Japanese Earthquake, Upgraded To 9.0, Moved Island 8 Feet

First off, the earthquake was upgraded

Japan’s Meteorological Agency says it has upgraded the magnitude of Friday’s catastrophic earthquake to 9.0.

The agency earlier measured it at 8.8. The quake was already the biggest to hit Japan since record-keeping began in the late 1800s and one of the biggest ever recorded in the world.

And what did that 9.0 do?

The powerful earthquake that unleashed a devastating tsunami Friday appears to have moved the main island of Japan by 8 feet (2.4 meters) and shifted the Earth on its axis.

“At this point, we know that one GPS station moved (8 feet), and we have seen a map from GSI (Geospatial Information Authority) in Japan showing the pattern of shift over a large area is consistent with about that much shift of the land mass,” said Kenneth Hudnut, a geophysicist with the U.S. Geological Survey (USGS).

Reports from the National Institute of Geophysics and Volcanology in Italy estimated the 8.9-magnitude quake shifted the planet on its axis by nearly 4 inches (10 centimeters).

This is usually the point where I would mention something about the power of natural forces versus man induced globull warming, but, nah, I won’t go there today. Instead, I’ll mention this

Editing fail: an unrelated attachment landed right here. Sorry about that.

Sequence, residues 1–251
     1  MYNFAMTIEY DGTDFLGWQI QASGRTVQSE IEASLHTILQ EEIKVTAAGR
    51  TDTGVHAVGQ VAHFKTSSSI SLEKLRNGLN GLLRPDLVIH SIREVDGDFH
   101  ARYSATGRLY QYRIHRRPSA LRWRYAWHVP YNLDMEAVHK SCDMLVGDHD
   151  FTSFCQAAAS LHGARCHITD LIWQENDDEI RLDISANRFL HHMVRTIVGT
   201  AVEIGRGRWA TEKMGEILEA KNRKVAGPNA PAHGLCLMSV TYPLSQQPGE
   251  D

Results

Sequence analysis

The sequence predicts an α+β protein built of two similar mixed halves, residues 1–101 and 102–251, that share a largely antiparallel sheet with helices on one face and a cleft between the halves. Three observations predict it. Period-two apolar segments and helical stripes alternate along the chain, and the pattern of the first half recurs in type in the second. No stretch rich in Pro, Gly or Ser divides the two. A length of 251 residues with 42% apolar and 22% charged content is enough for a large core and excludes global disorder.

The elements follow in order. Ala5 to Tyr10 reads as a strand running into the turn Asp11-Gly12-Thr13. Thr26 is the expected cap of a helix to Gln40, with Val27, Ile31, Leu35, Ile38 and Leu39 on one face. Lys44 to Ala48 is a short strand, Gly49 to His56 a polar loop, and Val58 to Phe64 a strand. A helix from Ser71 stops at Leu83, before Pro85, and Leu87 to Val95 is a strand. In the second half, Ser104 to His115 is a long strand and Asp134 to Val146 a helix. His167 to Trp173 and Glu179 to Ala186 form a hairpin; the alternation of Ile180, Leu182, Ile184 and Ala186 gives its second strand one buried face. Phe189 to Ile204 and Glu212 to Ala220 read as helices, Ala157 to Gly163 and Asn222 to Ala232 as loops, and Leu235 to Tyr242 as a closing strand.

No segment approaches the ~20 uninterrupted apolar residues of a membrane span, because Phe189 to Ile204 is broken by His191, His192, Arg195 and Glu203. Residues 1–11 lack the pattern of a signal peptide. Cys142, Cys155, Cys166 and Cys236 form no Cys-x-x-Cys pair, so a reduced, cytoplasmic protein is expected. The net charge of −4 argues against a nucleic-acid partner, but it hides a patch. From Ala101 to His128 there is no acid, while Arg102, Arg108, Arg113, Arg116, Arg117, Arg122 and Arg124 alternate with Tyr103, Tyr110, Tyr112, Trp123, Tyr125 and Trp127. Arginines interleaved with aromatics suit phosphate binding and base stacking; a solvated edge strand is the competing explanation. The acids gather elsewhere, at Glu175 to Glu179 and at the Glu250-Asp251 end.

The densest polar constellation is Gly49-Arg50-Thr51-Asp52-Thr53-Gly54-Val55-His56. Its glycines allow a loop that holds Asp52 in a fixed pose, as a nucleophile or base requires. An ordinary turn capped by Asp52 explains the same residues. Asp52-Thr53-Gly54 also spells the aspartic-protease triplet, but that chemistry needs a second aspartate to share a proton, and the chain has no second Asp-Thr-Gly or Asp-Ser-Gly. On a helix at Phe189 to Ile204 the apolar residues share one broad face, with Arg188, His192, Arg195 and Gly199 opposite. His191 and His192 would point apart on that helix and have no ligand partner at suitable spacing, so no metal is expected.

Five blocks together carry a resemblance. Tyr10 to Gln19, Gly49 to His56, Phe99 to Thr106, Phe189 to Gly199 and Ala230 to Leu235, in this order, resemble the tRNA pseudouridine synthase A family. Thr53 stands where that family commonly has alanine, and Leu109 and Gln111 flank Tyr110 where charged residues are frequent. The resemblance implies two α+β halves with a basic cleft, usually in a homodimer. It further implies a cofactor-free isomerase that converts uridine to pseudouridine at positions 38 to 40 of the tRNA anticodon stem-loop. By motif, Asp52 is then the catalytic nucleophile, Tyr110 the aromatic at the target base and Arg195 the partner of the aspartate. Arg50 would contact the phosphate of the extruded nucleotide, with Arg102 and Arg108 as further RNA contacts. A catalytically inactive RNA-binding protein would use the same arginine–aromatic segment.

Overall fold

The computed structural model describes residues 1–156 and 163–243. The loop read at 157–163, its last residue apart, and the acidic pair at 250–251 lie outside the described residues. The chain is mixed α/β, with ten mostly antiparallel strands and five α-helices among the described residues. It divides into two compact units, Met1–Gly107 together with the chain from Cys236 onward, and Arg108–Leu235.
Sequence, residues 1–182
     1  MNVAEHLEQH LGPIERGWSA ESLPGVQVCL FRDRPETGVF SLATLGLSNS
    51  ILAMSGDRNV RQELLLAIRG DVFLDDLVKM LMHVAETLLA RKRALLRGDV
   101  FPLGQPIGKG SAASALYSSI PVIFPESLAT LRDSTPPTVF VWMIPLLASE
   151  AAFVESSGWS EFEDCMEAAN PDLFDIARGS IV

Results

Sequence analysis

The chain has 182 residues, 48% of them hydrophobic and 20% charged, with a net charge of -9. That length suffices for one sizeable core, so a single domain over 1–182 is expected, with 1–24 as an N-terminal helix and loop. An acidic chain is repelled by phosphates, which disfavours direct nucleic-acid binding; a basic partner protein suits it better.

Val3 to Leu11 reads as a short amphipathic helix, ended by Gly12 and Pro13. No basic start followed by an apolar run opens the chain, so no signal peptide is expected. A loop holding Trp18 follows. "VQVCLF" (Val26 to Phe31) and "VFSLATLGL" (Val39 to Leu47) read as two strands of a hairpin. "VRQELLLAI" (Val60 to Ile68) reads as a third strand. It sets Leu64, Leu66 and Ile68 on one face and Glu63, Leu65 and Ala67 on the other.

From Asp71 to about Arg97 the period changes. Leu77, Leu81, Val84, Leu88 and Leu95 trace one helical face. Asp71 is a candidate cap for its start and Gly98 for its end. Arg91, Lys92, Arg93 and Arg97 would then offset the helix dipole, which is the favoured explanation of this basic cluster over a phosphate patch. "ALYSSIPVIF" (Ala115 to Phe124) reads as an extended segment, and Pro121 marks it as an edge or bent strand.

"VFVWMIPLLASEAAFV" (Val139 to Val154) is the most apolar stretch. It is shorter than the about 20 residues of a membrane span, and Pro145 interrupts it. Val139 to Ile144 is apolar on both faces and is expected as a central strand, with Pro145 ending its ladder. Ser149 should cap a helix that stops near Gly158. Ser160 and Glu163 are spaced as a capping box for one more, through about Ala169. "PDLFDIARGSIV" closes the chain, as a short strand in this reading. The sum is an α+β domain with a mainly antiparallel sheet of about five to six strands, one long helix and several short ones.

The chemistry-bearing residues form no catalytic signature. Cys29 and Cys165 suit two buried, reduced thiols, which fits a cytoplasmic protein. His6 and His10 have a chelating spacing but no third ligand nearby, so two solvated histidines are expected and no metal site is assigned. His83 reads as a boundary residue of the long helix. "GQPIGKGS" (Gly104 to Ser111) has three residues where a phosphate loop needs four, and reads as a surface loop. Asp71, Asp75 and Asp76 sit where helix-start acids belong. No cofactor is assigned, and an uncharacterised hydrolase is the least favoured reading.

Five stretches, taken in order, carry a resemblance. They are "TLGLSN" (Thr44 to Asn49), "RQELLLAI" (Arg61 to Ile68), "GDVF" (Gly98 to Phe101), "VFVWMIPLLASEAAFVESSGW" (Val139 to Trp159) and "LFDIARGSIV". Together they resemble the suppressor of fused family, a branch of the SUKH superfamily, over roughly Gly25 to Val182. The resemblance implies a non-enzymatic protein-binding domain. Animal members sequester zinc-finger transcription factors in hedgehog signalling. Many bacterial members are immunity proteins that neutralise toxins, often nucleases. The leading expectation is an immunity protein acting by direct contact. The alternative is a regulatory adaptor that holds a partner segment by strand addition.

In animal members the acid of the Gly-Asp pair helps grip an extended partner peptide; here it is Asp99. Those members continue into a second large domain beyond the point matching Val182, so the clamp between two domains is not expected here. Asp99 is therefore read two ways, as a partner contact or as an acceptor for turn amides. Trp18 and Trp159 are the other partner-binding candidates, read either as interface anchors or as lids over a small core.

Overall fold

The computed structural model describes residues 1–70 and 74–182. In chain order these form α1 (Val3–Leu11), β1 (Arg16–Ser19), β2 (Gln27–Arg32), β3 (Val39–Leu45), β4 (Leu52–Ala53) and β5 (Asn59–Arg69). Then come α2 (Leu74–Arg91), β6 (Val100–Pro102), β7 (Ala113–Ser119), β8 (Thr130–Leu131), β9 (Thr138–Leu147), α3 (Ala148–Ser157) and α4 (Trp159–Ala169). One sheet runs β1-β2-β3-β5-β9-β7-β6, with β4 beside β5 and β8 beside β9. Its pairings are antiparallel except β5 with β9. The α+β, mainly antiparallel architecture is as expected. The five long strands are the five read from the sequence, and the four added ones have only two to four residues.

A new analysis of the 8.9-magnitude earthquake in Japan has found that the intense temblor has accelerated Earth’s spin, shortening the length of the 24-hour day by 1.8 microseconds, according to geophysicist Richard Gross at NASA’s Jet Propulsion Laboratory in Pasadena, Calif.

That might not seem like a lot of time, but, think how heavy the Earth itself is.

Actually, the most amazing thing is that the loss of life from such a massive earthquake and the resulting tsunamis, along with the results of them, has been so low, compared to other huge earthquakes. Reports vary from the high 700’s to a possible 1,800, but, really, that is remarkably low for such a dense population, and shows how prepared the Japanese were.

Crossed at Pirate’s Cove. Follow me on Twitter @WilliamTeach.

Leave a Comment

Share this!

Enjoy reading? Share it with your friends!

Send this to a friend